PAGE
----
caught in the Watergate problem when everybody set up you know this is a little thing. All politicians do that. In fact the press was even you know smart guy gets elected to office if he's a smart politician who uses the tools of the office. The contagion was horrible. I saw mayors across the country using their own police departments for political purposes. Do you think then that it's wise for the federal government to give money to the cities. Do you think that there's a danger of too many strings attached so that the mayors of the cities in this country can't do what you want to do. No you're asking a very complicated question and I'll try to give you a very simple answer if I can. I believe I believe very strongly in decentralization. I think what's one of the things is wrong with the country right now is that is that nobody knows where the government is or who to talk to. They don't know who to complain to the nearest place is a local city halls so they go down and beat up the local mayor. They don't have time for that.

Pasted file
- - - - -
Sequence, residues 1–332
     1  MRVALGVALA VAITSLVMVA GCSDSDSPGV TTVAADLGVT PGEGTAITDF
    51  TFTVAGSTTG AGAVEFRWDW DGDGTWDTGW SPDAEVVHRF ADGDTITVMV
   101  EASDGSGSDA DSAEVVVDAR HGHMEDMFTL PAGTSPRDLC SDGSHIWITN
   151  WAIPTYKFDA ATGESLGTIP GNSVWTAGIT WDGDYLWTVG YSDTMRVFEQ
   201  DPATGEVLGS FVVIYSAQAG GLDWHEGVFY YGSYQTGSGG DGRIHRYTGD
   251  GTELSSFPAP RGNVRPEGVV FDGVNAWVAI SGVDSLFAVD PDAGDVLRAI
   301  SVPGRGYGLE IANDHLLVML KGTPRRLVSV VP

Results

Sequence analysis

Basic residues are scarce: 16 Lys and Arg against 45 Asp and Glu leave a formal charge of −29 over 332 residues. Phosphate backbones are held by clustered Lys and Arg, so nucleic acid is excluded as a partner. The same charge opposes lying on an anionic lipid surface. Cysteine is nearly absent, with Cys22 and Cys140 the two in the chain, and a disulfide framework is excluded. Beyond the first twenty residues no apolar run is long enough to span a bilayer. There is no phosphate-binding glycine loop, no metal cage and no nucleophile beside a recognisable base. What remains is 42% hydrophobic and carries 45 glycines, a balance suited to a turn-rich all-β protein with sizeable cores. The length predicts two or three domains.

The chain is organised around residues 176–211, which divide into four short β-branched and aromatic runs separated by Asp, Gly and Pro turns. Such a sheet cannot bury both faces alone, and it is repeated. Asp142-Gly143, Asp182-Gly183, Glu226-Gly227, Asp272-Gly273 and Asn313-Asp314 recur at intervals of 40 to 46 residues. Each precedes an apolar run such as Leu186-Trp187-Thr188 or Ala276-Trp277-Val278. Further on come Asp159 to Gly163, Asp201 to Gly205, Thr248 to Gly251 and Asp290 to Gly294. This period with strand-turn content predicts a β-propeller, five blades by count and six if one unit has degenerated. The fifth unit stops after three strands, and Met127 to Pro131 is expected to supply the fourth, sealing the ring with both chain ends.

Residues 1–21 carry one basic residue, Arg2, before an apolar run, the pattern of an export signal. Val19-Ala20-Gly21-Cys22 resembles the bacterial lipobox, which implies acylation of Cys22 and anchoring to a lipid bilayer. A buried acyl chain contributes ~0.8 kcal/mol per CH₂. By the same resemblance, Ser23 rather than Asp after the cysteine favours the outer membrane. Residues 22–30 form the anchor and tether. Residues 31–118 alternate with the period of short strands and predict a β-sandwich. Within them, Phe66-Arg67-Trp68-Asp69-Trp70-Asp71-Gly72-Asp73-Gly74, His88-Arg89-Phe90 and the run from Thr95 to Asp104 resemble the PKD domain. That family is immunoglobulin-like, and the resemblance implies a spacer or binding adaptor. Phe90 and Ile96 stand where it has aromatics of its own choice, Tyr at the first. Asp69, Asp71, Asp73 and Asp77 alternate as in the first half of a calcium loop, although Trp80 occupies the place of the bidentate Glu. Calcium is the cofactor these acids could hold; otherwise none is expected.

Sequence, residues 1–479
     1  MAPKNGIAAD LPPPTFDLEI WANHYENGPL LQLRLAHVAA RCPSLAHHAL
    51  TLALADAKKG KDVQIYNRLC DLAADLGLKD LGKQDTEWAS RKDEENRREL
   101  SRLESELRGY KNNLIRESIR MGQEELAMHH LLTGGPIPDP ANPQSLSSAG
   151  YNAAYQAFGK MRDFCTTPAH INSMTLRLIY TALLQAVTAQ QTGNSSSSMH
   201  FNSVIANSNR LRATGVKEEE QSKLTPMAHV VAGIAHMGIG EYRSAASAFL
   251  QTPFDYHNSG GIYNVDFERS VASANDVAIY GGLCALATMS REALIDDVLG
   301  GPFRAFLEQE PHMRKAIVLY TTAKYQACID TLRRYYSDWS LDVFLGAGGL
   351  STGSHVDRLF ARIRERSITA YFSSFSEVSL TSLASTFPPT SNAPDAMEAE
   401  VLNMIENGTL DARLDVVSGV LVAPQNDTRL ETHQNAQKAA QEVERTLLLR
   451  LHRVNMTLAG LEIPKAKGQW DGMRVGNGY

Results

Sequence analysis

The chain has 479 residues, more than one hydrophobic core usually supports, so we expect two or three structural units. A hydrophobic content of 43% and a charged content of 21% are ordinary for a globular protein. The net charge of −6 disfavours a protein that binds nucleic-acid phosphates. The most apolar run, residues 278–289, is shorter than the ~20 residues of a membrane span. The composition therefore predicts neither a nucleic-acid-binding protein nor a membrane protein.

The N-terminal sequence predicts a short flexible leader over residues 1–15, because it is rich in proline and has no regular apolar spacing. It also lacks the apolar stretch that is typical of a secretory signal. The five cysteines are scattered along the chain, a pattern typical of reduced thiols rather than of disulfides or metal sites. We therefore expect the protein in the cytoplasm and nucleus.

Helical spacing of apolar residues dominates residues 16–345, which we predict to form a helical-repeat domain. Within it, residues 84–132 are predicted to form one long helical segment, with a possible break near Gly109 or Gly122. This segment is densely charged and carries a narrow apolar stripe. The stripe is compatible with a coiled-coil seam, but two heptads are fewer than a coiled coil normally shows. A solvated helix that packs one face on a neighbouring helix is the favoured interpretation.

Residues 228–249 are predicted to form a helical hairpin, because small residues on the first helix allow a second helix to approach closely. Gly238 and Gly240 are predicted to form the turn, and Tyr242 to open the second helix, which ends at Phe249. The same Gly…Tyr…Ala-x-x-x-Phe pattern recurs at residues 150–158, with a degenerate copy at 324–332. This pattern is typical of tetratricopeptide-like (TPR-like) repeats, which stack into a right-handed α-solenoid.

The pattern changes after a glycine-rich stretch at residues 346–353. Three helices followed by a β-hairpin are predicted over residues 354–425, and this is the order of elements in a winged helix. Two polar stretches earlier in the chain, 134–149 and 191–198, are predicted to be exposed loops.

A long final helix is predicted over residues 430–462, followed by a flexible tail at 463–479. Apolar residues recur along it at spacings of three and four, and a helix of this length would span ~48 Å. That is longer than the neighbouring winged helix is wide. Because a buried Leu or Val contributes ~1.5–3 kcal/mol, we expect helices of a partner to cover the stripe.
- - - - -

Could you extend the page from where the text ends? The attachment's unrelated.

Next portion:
They have no idea where the state government is or what it does. Federal government is a distant thing that is completely amorphous to them and understand how it works he said. It's there and that Congress kind of the maxim bills and the president is having press conferences behind marble walls and Secret Service. I think you need decentralization. And I believe it is quite possible to have central collection of resources for public services and and local authority and autonomy. I am so fed up with the hodgepodge of tax structure for example in this country that I would strongly recommend the Congress consider enacting a bill which it can constitutionally that abolishes all state and local income and sales taxes collect centrally and return funds to localities. Unfair formulas based on density and need and have the poor taxpayer file only one